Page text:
What will change is the way metrics are deployed and used. Specifically, the metrics that have historically been used in the voice channel will be deployed for newer channels, such as chat, email, web, and walk-up.
Secondly, metrics only have value if they are used diagnostically and prescriptively. Most have heard the sage advice “You can’t manage what you don’t measure.” This is particularly true in service and support, where effective performance measurement is not just a necessity, but a prerequisite for effective decision-making. Despite the widespread belief in this statement, few support organizations leverage KPIs to their full potential. In fact, MetricNet’s research, gathered from literally thousands of service and support benchmarks, suggests that the vast majority of support organizations use metrics to track and trend their performance, but nothing more! Unfortunately, this misses the real value of performance measurement by failing to exploit the diagnostic capabilities of KPIs.
The true potential of KPIs can only be unlocked when they are used holistically, not just to measure performance, but also to:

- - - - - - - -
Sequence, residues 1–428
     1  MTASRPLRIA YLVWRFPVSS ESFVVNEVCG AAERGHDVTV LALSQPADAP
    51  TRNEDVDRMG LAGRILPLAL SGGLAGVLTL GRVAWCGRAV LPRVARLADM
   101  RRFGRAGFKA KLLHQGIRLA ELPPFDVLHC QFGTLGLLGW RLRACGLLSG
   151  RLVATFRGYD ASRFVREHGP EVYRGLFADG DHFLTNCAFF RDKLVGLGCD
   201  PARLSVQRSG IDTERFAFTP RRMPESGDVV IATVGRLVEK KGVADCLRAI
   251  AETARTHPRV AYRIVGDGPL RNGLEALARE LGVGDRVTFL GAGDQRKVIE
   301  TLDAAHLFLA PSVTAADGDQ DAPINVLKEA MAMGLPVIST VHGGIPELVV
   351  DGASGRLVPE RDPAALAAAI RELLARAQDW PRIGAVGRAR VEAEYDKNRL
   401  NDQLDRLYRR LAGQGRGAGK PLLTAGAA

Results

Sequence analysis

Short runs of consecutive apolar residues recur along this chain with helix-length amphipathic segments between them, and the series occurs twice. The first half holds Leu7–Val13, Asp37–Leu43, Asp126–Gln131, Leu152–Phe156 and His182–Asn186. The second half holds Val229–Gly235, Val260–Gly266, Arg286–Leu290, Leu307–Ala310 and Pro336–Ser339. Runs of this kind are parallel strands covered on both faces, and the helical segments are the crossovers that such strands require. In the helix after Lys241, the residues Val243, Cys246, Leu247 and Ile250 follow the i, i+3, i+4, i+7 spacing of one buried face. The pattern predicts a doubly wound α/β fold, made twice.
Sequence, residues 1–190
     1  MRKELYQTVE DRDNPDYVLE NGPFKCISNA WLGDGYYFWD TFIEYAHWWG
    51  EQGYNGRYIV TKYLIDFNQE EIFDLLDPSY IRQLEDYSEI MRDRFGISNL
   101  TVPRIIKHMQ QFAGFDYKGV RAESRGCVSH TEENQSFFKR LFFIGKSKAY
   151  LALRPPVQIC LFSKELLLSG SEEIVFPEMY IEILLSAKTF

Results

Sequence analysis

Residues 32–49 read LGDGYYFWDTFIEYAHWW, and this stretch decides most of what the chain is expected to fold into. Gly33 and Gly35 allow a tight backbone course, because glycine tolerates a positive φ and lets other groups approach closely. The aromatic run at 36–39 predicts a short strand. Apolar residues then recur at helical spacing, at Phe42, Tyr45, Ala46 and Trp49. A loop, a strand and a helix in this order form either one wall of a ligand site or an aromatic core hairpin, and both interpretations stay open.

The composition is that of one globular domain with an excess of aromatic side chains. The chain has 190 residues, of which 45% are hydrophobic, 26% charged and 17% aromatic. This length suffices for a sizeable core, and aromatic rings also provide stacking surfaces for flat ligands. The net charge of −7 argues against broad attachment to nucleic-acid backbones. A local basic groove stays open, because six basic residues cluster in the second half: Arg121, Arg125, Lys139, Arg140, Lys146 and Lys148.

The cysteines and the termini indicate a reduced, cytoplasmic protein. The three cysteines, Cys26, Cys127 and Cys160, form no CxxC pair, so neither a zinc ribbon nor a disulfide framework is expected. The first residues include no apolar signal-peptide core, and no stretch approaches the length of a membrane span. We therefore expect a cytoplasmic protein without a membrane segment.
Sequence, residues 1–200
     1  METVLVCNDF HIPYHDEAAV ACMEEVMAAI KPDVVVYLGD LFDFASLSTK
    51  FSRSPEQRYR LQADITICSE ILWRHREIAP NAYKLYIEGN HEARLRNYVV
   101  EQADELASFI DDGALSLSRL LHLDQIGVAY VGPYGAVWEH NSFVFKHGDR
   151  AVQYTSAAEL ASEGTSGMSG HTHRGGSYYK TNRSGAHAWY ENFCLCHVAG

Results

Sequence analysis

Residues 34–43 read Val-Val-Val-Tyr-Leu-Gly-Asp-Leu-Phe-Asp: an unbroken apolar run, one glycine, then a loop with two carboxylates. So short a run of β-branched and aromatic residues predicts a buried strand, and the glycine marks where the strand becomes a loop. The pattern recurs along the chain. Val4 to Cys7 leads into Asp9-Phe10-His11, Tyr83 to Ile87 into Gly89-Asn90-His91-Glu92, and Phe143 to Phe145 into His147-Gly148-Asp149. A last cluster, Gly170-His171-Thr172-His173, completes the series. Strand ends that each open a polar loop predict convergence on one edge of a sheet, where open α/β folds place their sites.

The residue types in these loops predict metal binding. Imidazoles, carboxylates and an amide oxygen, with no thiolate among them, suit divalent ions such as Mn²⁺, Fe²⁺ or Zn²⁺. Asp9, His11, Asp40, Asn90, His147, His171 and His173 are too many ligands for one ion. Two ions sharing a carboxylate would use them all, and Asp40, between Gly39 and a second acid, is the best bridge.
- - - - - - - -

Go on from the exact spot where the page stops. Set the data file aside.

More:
- Benchmark performance vs. industry peers
- Identify performance gaps vs. best practices
- Diagnose the underlying drivers of performance gaps
- Prescribe actions to improve performance
- Take steps to optimize performance and achieve world-class results
Finally, I expect benchmarking to become much more widespread in the industry. MetricNet has demonstrated empirically that support organizations who benchmark their performance once a year perform far better than those who do not. In fact, there is an approximate 1:1 correspondence between service and support organizations that benchmark their performance annually and those who achieve world-class performance.
Amy Eisenberg is the editor for HDI where she works with industry experts and practitioners to create content for technical support professionals. She has worked in B2B media and scholarly publishing for more than 20 years, developing content for print and digital magazines, print and email newsletters, websites, conferences, and technical seminars. Follow Amy on Twitter @eisenbergamy, and connect with her on LinkedIn.